SSN Insight: One of the last truly bankable movie stars plus the filmmaking aplomb of M. Night, whose output has admittedly been a mixed bag, has considerable potential to become a sci-fi tent-pole juggernaut.

White House Down (June 28): Prepare yourselves for the Year of Channing Tatum. He showed his stuff in Magic Mike, got audiences tearing up in The Vow—and now People’s Sexist Man Alive is about to save the President of the United States. Roland Emmerich (2012, Independence Day) directs so count on big action.
SSN Insight: Sony has had faith in the Jamie Vanderbilt–scripted movie since it plunked down $3 million for the spec in an age when specs don’t sell. White House Down comes out three months after Tatum’s G.I. Joe: Retaliation, so this should bolster Tatum’s PR streak—and Sony’s investment.

Elysium (Aug. 9): With worldwide box office north of $200 million and four Academy Award noms, District 9 was 2009’s little movie that could. Now director Neill Blomkamp brings star Sharlto Copley—along with Jodie Foster and a bald, buff Matt Damon—back into the post-apocalypse for a little space-age class warfare. District cost only $30 million, and Sony is being just as smart with Elysium. At $50 million and with a much flashier cast, it’s a safe bet.
SSN Insight: Advance word is solid, and Damon, with his Bourne franchise credentials, has proven himself a world-class action star.


G.I. Joe: Retaliation (March 29): Channing Tatum wasn’t initially played up big in the inaugural trailer and poster for G.I. Joe. But, following his Sexiest Man moniker, the movie was pushed back—and, in its new marketing iteration, we find Channing front and center along with Bruce Willis and Dwayne Johnson in the promos. Director John Chu (Step Up and Justin Bieber: Never Say Never) may not seem an obvious choice, but he’s delivered for Paramount on his other films and this franchise is ripe for some new blood.
SSN Insight: Reportedly, test screenings didn’t go as hoped and prospects aren’t dazzling. On the other hand, the newly minted Channing brand may turn the film’s fortunes.

Pain & Gain (April 26): Beefcakes and bimbos and ransom round out this sleek, muscular outing with Mark Wahlberg and Dwayne Johnson playing two-thirds of a personal-training team—Anthony Mackie is their cohort—in a ripped-from-the-headlines kidnap-caper film.
SSN Insight: Action honcho Michael Bay turns in the first of his two-pic deal with the studio, and odds are it’ll be a high-octane performer.

Star Trek Into Darkness (May 17): Director J.J. Abrams returns for the 12th film in the famous franchise, along with much of his 2009 Star Trek cast—Chris Pine, Zachary Quinto, Karl Urban and Zoe Saldana. A groundbreaking iPad app that allows users to unlock over-and-above content was unveiled at the 2013 Consumer Electronics Show. And buzz is big on new villain John Harrison, played by BBC hearththrob Benedict Cumberbatch).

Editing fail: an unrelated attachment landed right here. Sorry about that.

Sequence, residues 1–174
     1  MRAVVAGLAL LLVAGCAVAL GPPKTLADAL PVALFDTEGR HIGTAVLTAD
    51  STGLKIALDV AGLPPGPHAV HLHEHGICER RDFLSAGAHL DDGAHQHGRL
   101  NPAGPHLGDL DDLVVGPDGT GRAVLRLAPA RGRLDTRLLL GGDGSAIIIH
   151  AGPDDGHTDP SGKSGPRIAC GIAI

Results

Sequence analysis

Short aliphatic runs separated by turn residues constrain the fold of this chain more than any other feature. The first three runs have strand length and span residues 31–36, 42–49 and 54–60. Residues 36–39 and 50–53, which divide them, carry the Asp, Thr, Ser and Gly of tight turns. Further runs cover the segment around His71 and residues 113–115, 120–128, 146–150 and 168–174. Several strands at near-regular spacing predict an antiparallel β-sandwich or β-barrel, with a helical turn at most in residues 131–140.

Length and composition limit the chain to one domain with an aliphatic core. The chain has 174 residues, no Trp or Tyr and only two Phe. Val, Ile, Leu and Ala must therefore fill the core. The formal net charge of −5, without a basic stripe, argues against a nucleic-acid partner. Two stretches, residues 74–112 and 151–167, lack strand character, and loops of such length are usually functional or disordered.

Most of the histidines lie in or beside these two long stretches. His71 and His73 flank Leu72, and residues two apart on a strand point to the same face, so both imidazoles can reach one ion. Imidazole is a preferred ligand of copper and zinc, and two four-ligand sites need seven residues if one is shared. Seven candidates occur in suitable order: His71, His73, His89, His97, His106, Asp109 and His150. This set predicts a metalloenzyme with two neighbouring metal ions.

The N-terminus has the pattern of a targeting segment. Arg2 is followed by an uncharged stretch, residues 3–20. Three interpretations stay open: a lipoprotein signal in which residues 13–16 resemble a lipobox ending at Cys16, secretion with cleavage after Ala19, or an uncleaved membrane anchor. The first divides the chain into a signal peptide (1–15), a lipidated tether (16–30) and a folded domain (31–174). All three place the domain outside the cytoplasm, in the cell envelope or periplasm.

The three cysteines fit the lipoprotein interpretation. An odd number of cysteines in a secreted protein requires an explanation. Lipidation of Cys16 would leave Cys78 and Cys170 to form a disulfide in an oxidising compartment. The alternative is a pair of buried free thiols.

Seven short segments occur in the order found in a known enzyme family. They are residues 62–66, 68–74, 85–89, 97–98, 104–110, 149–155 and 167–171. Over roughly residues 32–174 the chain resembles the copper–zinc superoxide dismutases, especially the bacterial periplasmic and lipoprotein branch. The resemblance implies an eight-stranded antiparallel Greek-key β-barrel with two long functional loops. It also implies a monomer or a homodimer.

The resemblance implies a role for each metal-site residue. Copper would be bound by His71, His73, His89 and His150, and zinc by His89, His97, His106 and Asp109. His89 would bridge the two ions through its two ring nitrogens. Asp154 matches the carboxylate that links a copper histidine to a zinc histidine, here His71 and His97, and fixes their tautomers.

SSN Insight:  Whether the movie is good or not is almost an aside: It’s a juggernaut—arguably the most anticipated film of the year.

World War Z (June 21): The epic post-apocalyptic saga was pushed back six months, and Lost scribe Damon Lindelof was brought in to pen reshoots for the zombie horror flick of Max Brooks’ 2003 novel. Talented but notoriously difficult, director Marc Forster has taken heat for straying too far from the well-liked novel.
SSN Insight: All this notwithstanding, we remain hopeful. Zombies are a surefire box office draw … and the global star Brad Pitt can’t hurt prospects either.

Wolf of Wall Street (Fourth quarter release date TBA): Leonardo DiCaprio and Oscar winning legend Martin Scorsese team up on their fifth collaboration. Based on Jordan Belfort’s memoir released after he served almost two years in prison for securities fraud and money laundering, Wolf appears to be suitably gritty, powerfully topical terrain for these world-class talents. Moneyball Oscar nominee Jonah Hill co-stars as Belfort’s friend and instigator, continuing his transition to serious actor.
SSN Insight: With DiCaprio announcing the flick will be his swan song before he heads off for a long-term commitment to focus on global issuees, audiences will surely turn out to bid adieu.

Anchorman: The Legend Continues (Dec. 20): Will Ferrell, Paul Rudd, Christina Applegate, Steve Carell and Vince Vaughn all return for the long awaited sequel to the 2004 sleeper hit, as do director Adam McKay and producer Judd Apatow.
SSN Insight: Not much info yet on what newsroom shenanigans Ron Burgundy and the Channel 4 news gang are up to in this go-around, but it’s safe to say the film’s laugh factor will make headlines


Oz: The Great and Powerful (March 8): In this prequel to The Wizard of Oz, Rachel Weisz, Michelle Williams and Esquire’s Sexiest Woman Alive Mila Kunis cast their spell on Wizard James Franco. Robert Downey Jr. fell out of the lead role, and hoped-for Johnny Depp talks didn’t get off the ground, but the real star of this film will be the eye-popping special effects. Spider-Man director Sam Raimi left the comfort of his established franchise and home studio Sony to take a crack at reinventing Oz.
SSN Insight: Raimi’s visual verve and track record as a consistently bankable director means this one shouldn’t disappoint. The curiosity factor alone could drive box office.

Iron Man 3 (May 3): Another go-round for Robert Downey Jr.’s billionaire industrialist Tony Stark. Disney paid Paramount $115 million for the rights to 3 (as well as The Avengers) after the success of Iron Man 2, but the Paramount logo remains on the film. When the trailer came out last October, it created a Twitter firestorm, with a one-day total of 105,970 posts. Downey reteams with his 2005 Kiss Kiss Bang Bang director Shane Black, who takes over the reins from Jon Favreau.